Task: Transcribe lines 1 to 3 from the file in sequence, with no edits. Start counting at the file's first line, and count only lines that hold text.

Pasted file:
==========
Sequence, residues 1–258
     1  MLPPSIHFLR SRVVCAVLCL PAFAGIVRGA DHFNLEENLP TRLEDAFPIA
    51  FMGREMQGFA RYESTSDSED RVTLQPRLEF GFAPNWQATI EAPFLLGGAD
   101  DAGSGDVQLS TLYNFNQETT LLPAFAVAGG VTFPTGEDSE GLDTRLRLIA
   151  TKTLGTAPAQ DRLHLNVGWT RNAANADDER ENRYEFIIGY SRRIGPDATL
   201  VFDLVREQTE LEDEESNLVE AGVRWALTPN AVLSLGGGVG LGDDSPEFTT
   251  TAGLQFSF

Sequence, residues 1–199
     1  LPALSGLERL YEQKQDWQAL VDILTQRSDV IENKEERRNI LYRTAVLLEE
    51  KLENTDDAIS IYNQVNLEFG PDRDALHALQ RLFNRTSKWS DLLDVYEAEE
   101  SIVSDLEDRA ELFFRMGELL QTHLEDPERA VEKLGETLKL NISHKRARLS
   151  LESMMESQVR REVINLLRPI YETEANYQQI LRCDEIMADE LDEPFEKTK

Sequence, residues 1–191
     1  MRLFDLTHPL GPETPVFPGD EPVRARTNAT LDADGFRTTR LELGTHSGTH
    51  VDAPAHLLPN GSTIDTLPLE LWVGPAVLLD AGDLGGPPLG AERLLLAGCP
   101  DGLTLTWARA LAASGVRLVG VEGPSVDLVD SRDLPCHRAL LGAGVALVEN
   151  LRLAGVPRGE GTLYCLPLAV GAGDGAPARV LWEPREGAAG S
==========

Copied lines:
Sequence, residues 1–258
     1  MLPPSIHFLR SRVVCAVLCL PAFAGIVRGA DHFNLEENLP TRLEDAFPIA
    51  FMGREMQGFA RYESTSDSED RVTLQPRLEF GFAPNWQATI EAPFLLGGAD